This Scottish Cliff Is One Of The World's Most Important Geological Sites

Hutton's Unconformity, Siccar Point, Scotland
Hutton's Unconformity, Siccar Point, Scotland | © PawełS/WikiCommons
Found off the beaten path just an hour’s drive from Edinburgh sits one of the most important geological sites in the world. Siccar Point, a dramatic rocky promontory framed by vivacious swelling sea, is the smoking gun that spurred Scottish Enlightenment thinker James Hutton to essentially rewrite the history of the Earth, as well as change the course of science and geologic time.

Emerging out of the North Sea near the picturesque village of Cockburnspath in the Scottish Borders, Siccar Point is a true hidden gem. Not only is it a pilgrimage destination for geology fans but it also acts as a magnet for nature lovers and wanderers with a penchant for coastal walks and rugged coastlines. Long before this Instagram-friendly cliff became a place of great scientific significance, it hosted a dun or tiny hill fort belonging to ancient Britons on the lookout for enemy invasions.

In a quest to prove his theory of the Earth’s age, James Hutton or the ‘father of modern geology’ embarked upon a coastal boat voyage to Siccar Point in 1788. Needless to say, it was a trip that didn’t disappoint, as it was here that the concept of ‘deep time’ was born.

Like wrinkles and scars etched onto the skin, Hutton noted that the rocks at Siccar point illustrated Earth’s story. This compelling narrative existed in the junction between the two different rock types present — dark grey vertical sheets of ancient oceanic rock and younger reddish horizontal sandstone formed on land.

Hutton's Unconformity, Siccar Point, Scotland © Chris/Flickr

The contrast of these very rocks proved Hutton’s theory that the Earth was in actual fact, older than the 4,000 to 10,000-year Biblical timescale which formed the general consensus across much of 18th century society.

Instead, the oceanic greywacke rock formed around 435 million years ago, just as its layers evolved over time when the mud on the seabed hardened, tilted and lifted above the waves before it eroded. However, the second sandstone rock came about some 65 million years later when the rivers of a sub-tropical Scotland deposited desert sands onto the greywacke.

'Where Greywacke Meets Sandstone', Hutton's Unconformity, Siccar Point, Scotland © Magnus Hagdorn/Flickr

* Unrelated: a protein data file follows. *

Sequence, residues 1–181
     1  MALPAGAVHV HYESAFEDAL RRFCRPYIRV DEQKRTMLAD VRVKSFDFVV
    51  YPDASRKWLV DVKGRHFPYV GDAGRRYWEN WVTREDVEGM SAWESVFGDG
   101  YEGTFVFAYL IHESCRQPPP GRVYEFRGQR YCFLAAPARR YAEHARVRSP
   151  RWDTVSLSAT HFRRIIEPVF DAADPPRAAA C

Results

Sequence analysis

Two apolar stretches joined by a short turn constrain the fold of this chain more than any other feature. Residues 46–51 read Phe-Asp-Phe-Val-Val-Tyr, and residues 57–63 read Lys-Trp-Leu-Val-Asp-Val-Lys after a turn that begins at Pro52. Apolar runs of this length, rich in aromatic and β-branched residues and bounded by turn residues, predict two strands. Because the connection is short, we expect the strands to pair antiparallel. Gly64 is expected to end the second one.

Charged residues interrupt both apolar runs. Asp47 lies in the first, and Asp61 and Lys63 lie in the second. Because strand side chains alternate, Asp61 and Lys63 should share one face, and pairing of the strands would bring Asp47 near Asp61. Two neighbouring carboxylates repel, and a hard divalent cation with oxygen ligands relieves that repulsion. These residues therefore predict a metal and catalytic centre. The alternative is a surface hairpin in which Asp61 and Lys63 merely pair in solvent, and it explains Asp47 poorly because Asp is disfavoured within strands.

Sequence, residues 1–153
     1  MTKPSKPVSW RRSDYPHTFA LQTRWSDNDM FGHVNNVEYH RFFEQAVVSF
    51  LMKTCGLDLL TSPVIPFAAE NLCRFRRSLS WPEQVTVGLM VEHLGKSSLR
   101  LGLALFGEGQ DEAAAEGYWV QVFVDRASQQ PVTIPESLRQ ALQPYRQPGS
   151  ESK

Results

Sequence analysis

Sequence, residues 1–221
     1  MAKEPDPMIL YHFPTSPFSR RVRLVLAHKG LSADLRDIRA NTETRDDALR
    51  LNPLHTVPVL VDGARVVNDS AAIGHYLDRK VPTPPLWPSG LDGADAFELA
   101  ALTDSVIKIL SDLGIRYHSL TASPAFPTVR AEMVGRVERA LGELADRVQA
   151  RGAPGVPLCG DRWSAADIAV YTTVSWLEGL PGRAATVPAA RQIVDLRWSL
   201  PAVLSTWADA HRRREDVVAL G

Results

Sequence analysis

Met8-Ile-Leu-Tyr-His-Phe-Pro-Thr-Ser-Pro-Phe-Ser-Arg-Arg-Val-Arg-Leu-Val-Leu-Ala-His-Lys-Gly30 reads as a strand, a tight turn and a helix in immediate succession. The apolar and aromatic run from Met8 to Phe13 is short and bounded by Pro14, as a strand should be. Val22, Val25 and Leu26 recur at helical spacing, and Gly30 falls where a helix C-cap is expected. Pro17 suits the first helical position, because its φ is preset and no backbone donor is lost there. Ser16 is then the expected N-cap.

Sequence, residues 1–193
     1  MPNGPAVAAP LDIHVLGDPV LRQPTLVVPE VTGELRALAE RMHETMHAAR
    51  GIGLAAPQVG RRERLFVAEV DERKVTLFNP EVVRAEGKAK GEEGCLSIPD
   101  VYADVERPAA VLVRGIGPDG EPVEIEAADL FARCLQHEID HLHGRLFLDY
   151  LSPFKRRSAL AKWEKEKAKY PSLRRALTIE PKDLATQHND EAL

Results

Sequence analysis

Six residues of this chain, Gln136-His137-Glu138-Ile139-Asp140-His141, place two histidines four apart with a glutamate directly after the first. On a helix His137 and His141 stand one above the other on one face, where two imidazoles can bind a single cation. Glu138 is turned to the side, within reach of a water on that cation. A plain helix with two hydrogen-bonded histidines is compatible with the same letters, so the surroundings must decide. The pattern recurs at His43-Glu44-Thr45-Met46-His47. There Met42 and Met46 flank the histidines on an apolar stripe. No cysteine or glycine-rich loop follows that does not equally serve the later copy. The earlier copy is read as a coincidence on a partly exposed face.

And so, this junction or ‘unconformity’ between the terrestrial and oceanic layers of rock revealed to Hutton that tens of millions of years (as opposed to mere centuries or decades) were needed for major changes to occur on the planet — think erosion, deposition, folding, faulting and uplift.

On the day of the big Siccar Point discovery, Hutton was accompanied by fellow Scottish Enlightenment philosopher and mathematician John Playfair, who famously remarked that: “The mind seemed to grow giddy by looking so far into the abyss of time.”

Siccar Point, Scotland © Magnus Hagdorn/Flickr

Through deciphering the Earth processes at Siccar Point, Hutton and his beloved Scottish cliff played a key role in developing the concept of ‘deep time’, the vast timescale under which geologic processes occur and change to help carve the Earth. This fundamental geological principle was then documented in his work Theory of the Earth: “We find no vestige of a beginning — no prospect of an end.”

Not only did Hutton’s findings help decode the Earth’s processes and change the concept of time but they also helped establish geology as a science in its own right.

Today, over two centuries on, the magnificent ocean-rimmed Siccar Point still towers with its wondrous junction, just as it did when Hutton nearly fell out the boat due to euphoria (or so we’re guessing) in 1788! After exploring Hutton’s Unconformity and soaking up the geologic greatness, be sure to make a day of it and swing by Cove Harbour at Cockburnspath. Avid adrenaline junkies may want to bring their boards and test out the gnarly Scottish waves at nearby Pease Bay.

Hutton's Unconformity, Siccar Point, Scotland © Meg Stewart/Flickr